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Details of a ransomware attack and a way to thwart the ransom. Don’t plan to pay. Plan to recover.

Here are the basic steps included in a ransomware attack and how vulnerable people and ports are used to accommodate the attacker.  Conditions must be met.

  1. The attacker relies on stolen credentials.  The credentials are harvested by viruses delivering malware.  Specifically in recent attacks Emotet as the delivery agent for the Trickbot trojan.  All too easy with users susceptible to social engineering.
  2. Trickbot moves laterally across systems, relying on SMB to navigate the network as it steals passwords, mail files, registry keys and more.  It communicates the stolen material back to the bad actor, the Black Hat.
  3. Next Trickbot might launch the Empire Powershell backdoor and download the Ryuk virus upon the black hat’s command.  Armed with harvested credentials, the black hat is now ready to execute Ryuk and encrypt files at will.
  4. The black hat scans for any vulnerable port of entry on an external interface.

┌─[blackhat@parrot]─[~]

└──╼ $nmap -Pn -p 8443 xxx.123.xxx.456
Starting Nmap 7.70 ( https://nmap.org ) at 2019-07-09 16:47 EDT
Nmap scan report for system.contoso.com (xxx.123.xxx.456)
Host is up (0.029s latency).
PORT     STATE SERVICE
8443/tcp open  https-alt

Once a port of entry is found, in this case a very common and vulnerable port used as a remote access interface, the black hat can use the stolen credentials to log in to the network and rely on protocols such as SMB and RDP to access and exploit systems on the network, launching Ryuk to encrypt files on select systems, typically all of them.  Azure?  Too bad, encrypted.  Active directory authenticated AWS?  Ouch.ryk, every file owned.  Once the damage is found you’ll need to recover.

So how can you protect systems and most importantly backups so that rapid recovery, the best response to a live attack, remains possible?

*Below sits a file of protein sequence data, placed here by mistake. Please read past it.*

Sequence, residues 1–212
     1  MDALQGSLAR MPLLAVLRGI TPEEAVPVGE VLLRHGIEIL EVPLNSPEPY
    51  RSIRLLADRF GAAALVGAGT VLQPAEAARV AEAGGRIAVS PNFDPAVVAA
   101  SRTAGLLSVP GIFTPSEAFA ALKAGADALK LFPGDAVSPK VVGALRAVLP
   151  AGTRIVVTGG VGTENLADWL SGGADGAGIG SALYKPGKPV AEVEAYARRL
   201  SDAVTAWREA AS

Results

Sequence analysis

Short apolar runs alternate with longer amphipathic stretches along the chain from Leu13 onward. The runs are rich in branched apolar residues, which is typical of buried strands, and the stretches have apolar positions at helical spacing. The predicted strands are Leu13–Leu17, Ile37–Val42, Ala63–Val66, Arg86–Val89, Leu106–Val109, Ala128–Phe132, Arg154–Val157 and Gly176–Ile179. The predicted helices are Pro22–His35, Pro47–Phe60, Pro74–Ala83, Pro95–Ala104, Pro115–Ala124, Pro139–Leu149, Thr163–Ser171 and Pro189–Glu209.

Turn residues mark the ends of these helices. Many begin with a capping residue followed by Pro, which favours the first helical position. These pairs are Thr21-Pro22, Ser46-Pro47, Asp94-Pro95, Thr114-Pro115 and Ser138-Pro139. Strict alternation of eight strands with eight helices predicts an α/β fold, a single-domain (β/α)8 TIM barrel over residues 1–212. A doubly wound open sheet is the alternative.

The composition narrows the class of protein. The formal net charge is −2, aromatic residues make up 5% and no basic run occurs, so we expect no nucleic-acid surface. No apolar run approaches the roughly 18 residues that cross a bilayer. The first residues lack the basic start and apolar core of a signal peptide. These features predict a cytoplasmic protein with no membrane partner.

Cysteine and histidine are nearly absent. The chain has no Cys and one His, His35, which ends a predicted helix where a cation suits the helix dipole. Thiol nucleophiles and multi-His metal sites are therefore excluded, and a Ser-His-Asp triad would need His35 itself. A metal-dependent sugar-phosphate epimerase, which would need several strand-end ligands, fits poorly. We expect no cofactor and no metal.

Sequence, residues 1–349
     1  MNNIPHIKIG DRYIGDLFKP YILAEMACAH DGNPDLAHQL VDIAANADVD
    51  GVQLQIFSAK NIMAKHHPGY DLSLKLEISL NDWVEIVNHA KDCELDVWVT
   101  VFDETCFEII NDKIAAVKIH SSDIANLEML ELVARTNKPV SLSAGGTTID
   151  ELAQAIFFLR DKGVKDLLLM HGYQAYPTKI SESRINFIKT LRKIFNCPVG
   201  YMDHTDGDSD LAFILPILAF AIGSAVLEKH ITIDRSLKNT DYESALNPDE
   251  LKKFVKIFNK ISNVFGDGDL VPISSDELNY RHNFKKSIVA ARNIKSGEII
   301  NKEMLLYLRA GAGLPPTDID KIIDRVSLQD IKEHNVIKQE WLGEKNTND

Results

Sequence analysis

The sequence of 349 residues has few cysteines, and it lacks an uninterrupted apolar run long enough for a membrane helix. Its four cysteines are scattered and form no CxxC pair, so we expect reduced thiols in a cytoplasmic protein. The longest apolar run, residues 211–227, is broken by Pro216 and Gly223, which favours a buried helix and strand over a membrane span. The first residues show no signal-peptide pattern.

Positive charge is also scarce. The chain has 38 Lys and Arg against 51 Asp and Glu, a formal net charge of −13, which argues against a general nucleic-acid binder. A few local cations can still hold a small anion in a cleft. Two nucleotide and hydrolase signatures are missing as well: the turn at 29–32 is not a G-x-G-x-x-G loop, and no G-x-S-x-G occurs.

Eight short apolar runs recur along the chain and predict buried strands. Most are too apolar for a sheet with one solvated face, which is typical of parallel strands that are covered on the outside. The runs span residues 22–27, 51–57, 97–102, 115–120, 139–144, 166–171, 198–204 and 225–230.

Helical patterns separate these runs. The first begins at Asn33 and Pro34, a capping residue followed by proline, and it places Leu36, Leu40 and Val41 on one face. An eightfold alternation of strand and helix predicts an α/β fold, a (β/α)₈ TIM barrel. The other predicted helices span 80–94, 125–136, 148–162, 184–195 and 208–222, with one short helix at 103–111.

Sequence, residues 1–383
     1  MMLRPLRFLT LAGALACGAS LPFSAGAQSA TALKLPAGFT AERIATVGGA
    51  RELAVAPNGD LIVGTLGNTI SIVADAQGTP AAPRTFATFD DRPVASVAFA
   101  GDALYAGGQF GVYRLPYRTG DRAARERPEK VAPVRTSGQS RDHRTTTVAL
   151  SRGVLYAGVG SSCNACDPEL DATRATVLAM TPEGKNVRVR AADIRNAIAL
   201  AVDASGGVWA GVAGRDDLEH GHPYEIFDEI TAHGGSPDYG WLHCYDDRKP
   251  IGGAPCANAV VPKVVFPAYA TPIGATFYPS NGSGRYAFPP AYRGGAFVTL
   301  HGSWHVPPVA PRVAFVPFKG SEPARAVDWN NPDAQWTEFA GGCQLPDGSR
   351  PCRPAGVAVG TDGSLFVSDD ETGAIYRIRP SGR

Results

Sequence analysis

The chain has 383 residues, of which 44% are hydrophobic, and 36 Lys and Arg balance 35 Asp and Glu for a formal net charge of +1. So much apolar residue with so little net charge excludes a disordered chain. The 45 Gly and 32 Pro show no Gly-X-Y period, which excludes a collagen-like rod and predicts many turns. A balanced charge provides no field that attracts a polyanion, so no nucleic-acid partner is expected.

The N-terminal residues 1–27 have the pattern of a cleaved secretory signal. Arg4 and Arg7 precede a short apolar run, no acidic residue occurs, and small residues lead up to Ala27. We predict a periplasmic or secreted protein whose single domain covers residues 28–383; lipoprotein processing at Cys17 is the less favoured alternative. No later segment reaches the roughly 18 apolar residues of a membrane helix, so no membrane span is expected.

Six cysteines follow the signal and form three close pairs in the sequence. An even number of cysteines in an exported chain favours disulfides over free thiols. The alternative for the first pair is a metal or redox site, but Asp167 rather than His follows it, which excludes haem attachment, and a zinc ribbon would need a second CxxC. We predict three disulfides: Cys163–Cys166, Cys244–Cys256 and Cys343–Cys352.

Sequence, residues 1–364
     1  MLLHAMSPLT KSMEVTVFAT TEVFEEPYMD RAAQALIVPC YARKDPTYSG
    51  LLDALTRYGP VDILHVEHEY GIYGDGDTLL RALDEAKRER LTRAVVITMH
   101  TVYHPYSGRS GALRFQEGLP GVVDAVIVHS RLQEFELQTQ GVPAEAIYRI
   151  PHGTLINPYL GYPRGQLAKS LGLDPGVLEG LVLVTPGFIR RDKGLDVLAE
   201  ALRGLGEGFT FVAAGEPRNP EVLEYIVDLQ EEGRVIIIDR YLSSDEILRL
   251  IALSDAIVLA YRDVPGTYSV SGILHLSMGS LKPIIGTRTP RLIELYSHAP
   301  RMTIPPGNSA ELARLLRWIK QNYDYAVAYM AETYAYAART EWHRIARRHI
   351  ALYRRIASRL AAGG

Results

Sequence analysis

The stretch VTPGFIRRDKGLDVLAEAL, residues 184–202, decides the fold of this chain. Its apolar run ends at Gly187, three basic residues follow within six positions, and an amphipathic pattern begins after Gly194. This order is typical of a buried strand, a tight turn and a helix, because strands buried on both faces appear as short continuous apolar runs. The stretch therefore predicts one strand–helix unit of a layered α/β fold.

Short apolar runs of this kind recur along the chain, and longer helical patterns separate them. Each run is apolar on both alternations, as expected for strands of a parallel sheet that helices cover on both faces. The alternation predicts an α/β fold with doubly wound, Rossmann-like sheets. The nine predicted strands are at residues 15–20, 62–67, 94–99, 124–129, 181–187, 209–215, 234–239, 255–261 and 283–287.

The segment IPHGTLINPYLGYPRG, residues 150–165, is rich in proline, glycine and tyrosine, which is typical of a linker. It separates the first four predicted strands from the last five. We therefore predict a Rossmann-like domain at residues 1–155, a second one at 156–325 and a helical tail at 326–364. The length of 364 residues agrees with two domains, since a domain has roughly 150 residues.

• The obvious first step in recovery is to neutralize all exploits.  It can also be the most time consuming.  Use Windows firewalls to block all SMB traffic and stop lateral movement across systems.  Deploy through domain level group policy.  Open only the ports necessary to deliver anti-malware utilities to clean all machines of any sign of exploits.  Windows 7 systems remain highly vulnerable to SMB attacks without proper patching and configuration.  Update 02/07/20: Windows 7 is depreciated, insecure and should not be used.  Best to get them off your network regardless of how annoyed some end users are by the thought of Windows 10.
  • Always be certain backup files and database backups reside on systems that are not authenticated to the network using domain level authentication.  Make sure they cannot be accessed using SMB or RDP protocols at all.
  • Of extreme importance is to make sure EVERYONE, especially your domain administrators are forced to change their login credentials routinely.  IT staff have a bad habit of being prime offenders of exempting themselves from password changes.  Take a stand.  Everyone changes their passwords and password complexity rules must be adhered to by every single account on the network.  Use 2 Factor Authentication 2FA every time possible, especially mailboxes and cloud accounts.